A proposal championed by right-wing parties to ban minarets in Switzerland goes to a nationwide vote on Sunday in a referendum that has set off an emotional debate about national identity and stirred fears of boycotts and violent reactions from Muslim countries.
With tensions running high, the Geneva Mosque was vandalized Thursday by unidentified individuals who threw a pot of pink paint at the building's entrance.
It was the third incident against the mosque this month: earlier, a vehicle with a loudspeaker drove through the area imitating a muezzin's call to prayer, and vandals threw cobble stones at the building, damaging a mosaic.
Business leaders say a minaret ban would be disastrous for the Swiss economy because it could drive away wealthy Muslims who bank in Switzerland, buy the country's luxury goods, and frequent its resorts.
The vote taps into anxieties about Muslims that have been rippling through Europe in recent years, ranging from French fears of women in body veils to Dutch alarm over the murder by a Muslim fanatic of a filmmaker who made a documentary that criticized Islam.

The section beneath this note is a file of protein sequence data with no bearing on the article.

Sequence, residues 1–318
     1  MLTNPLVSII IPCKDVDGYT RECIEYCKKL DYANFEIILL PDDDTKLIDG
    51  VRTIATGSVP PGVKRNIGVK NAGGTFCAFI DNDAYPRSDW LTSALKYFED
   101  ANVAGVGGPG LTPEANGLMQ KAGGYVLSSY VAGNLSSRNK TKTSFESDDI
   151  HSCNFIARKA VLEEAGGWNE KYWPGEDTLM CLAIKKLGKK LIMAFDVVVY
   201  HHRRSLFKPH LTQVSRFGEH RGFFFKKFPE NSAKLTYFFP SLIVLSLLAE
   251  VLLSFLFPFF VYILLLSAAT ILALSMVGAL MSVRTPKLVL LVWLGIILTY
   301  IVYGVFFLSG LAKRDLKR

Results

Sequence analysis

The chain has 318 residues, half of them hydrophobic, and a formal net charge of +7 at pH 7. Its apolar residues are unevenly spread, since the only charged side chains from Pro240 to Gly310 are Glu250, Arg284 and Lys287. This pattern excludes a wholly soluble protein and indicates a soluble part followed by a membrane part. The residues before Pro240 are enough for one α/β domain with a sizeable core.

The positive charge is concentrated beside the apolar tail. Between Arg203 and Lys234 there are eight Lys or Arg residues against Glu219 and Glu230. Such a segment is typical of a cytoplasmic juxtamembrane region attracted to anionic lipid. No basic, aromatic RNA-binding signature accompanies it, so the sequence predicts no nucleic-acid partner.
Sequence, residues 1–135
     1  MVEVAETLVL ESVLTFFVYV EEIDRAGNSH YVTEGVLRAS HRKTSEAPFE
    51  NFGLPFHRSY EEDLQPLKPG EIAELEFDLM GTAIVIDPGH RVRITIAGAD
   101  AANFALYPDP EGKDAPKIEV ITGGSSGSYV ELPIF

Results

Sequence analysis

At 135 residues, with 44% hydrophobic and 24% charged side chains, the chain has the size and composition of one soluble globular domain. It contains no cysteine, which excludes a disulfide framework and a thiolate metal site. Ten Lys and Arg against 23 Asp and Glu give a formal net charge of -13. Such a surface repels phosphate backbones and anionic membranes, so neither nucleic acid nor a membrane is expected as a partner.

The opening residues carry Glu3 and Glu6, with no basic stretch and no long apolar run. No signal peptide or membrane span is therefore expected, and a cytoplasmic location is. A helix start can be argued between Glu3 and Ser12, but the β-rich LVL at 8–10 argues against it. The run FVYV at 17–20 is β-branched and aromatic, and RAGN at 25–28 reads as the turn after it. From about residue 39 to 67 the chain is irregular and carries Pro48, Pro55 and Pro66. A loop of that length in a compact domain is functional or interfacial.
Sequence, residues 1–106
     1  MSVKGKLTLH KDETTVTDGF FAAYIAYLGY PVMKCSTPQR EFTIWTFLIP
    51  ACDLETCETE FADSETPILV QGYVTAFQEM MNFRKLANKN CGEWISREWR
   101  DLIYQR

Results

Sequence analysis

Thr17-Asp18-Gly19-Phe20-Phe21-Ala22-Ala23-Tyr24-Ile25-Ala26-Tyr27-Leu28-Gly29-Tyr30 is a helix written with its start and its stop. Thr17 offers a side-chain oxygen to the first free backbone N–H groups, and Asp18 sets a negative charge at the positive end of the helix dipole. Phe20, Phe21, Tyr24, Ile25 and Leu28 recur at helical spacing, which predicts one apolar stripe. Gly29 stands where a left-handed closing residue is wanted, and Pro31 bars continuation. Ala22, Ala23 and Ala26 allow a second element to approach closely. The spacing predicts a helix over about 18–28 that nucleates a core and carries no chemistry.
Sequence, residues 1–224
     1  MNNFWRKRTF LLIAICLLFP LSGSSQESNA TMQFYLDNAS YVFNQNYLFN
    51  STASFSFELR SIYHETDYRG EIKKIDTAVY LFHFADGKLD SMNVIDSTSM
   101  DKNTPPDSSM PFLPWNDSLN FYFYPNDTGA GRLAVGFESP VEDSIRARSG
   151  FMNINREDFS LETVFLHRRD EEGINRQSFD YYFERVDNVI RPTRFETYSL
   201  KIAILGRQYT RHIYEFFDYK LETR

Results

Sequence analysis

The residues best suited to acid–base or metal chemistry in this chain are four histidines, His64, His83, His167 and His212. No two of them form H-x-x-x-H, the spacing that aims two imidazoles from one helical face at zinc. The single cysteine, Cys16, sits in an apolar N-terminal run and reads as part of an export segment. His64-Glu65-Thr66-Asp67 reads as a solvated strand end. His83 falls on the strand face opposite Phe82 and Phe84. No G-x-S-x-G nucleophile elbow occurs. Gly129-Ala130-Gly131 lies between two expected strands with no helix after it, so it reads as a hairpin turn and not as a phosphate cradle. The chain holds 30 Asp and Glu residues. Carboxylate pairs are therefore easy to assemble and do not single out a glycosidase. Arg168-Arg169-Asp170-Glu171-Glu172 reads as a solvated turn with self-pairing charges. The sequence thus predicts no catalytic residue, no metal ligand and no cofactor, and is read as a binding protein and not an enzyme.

Polls indicate growing support for the proposal submitted by the anti-immigrant Swiss People's Party, but it was doubtful it will gain enough momentum to pass. Muslims in Switzerland have kept a low profile, refraining from a counter-campaign.
"Switzerland's good reputation as an open, tolerant and secure country may be lost and this would bring a blow to tourism," said Swiss Hotel Association spokesman Thomas Allemann.
The nationalist Swiss People's Party has led several campaigns against foreigners, including a proposal to kick out entire families of foreigners if one of their children breaks a law and a bid to subject citizenship applications to a popular vote.
The party's controversial posters have shown three white sheep kicking out a black sheep and a swarm of brown hands grabbing Swiss passports from a box.
The current campaign posters showing missile-like minarets atop the national flag and a fully veiled woman have drawn anger of local officials and rights defenders.
The cities of Basel, Lausanne and Fribourg banned the billboards, saying they painted a "racist, disrespectful and dangerous image" of Islam.
The U.N. Human Rights Committee called the posters discriminatory and said Switzerland would violate international law if it bans minarets.